Discover more from Flagging Down the Double E's
Døn't Yøu Dåre Miss It
1995-06-29, The Spectrum, Oslo, Norway
Flagging Down the Double E’s is an email newsletter exploring Dylan shows of yesteryear. If you’ve found this article online or someone forwarded you the email, subscribe here to get a new entry delivered to your inbox every week:
Another great guest post today as my paternity leave continues! Tyler Wilcox writes the Invisible Hits column for Pitchfork (the most recent column was a beginner’s guide to the Never Ending Tour). He also contributes to Aquarium Drunkard and Uncut Magazine, and blogs endlessly at Doom & Gloom From The Tomb - including Dylan and Neil Young series that partly inspired this newsletters (he’s doing a new one on Lou Reed this summer).
If you made me choose (don’t make me choose!), I’d probably say that the best Bob Dylan show I’ve yet seen took place in the spring of 1995. I was just 16 years old, but I’d already seen Bob twice — and been a little underwhelmed. They were good shows, but not great shows. The ’95 show, though … it just smoked. He was playing a smaller place: the Hollywood Palladium (the previous concert had been at the much-larger Hollywood Bowl). It was general admission, too, which meant I could get up close to Dylan, actually see his facial expressions, watch his moves. But it was mainly the music that impressed. There was an energy flowing, a real vitality, not to mention what seemed like a genuine connection between the players.
Those attributes are usually present in any 1995 Dylan tape you might happen upon — including this excellent audience recording from Oslo a little over a month after I caught Bob on Hollywood Boulevard. This was the kickoff date of his second European tour of the year, and even though Dylan and co. had been playing virtually nonstop since early March, they sound ready and raring to go. This is one of the more cohesive Never Ending Tour units, I think. Bucky Baxter (who sadly passed away this year) provides interesting textures on pedal steel and slide guitar; Winston Watson is sometimes a little too crash-n-bash, but he’s generally pretty kickass; JJ Jackson isn’t the most distinctive of guitarists, but by this time in his tenure, he seems to have found his footing; and Tony Garnier? Well, he’s Tony Garnier, playin’ the bass tonight, as he’s done for more than 30 years now. This group had been backing Dylan for a few years by ’95, and they really sound like a band that has developed a fresh musical language, their own way of supporting their often-inscrutable leader.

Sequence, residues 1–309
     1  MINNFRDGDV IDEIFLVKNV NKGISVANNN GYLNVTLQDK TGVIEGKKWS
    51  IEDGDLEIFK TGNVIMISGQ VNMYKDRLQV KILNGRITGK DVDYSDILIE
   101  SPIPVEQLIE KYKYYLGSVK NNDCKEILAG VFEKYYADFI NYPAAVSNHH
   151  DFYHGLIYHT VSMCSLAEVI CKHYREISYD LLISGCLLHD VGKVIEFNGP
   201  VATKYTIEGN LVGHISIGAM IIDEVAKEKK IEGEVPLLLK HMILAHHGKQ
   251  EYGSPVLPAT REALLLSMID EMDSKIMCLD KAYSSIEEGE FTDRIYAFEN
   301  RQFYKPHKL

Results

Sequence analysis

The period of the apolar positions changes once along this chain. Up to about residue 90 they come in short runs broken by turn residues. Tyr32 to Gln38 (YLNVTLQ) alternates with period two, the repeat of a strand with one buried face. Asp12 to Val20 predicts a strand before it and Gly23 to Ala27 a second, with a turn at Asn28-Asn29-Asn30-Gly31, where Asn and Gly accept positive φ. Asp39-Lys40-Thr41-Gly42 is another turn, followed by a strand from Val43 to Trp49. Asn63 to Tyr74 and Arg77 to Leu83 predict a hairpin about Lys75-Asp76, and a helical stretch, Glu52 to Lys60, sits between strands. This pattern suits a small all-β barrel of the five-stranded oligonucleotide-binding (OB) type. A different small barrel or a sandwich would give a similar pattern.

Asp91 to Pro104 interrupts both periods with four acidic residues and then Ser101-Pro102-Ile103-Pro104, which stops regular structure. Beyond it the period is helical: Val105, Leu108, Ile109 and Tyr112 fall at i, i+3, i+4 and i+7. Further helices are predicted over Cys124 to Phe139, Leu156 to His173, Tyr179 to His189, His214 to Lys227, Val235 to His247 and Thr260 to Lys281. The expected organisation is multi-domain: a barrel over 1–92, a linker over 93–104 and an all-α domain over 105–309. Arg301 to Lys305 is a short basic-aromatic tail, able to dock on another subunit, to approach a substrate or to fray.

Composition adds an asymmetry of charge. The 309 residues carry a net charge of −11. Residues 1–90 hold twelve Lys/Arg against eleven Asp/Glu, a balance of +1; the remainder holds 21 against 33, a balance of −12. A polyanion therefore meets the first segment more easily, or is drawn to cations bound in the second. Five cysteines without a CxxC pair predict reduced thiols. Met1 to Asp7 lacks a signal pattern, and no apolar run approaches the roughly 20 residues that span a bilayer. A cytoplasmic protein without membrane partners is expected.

And their often-inscrutable leader seems to be more than comfortable with these guys. Something about Dylan’s vocals in 1995 really appeals to me when compared to previous NET years. There’s a less pinched quality and the phrasing feels more focused. Maybe Bob is actually enjoying singing? Listen to his “Ayyyyyyyy, mama, ain’t you gonna miss your best friend now?!” that comes in the middle of the opening “Down In The Flood.” It’s thrilling. Or in the acoustic set, check out his dialed-in performance on “Tangled Up In Blue,” really telling the story, rather than just going through the motions. “I & I” might be my favorite vocal overall from the Oslo tape. This is such an odd song, with tricky melody lines and lyrics. I’ve heard versions where Dylan is just rambling, pushing against the band. But here he’s locked-in, every word piercing the veil.
Bob also delivers a fairly awesome guitar solo on “I & I,” scratching and skronking his way to a raggedly glorious climax. Dylan’s lead guitar antics are definitely an acquired taste, but he’s mostly pretty on-point here in Oslo. And the band is able to fill in behind his solos very nicely at this point; dig the awesome build-up they provide behind Dylan’s “Man In Me” instrumental, or the way they respond to the idiosyncratic rhythmic shifts of “It Ain’t Me Babe.” Speaking of which, it really helps to have Watson sit out the acoustic numbers. Dylan, Jackson, Garnier and Baxter work up a very nice string band sound, with Bob able to stay on top of the song, whether bringing things to a whisper or a high, lonesome howl.
So yeah — 1995! I think this is one the best NET years. Don’t you dare miss it…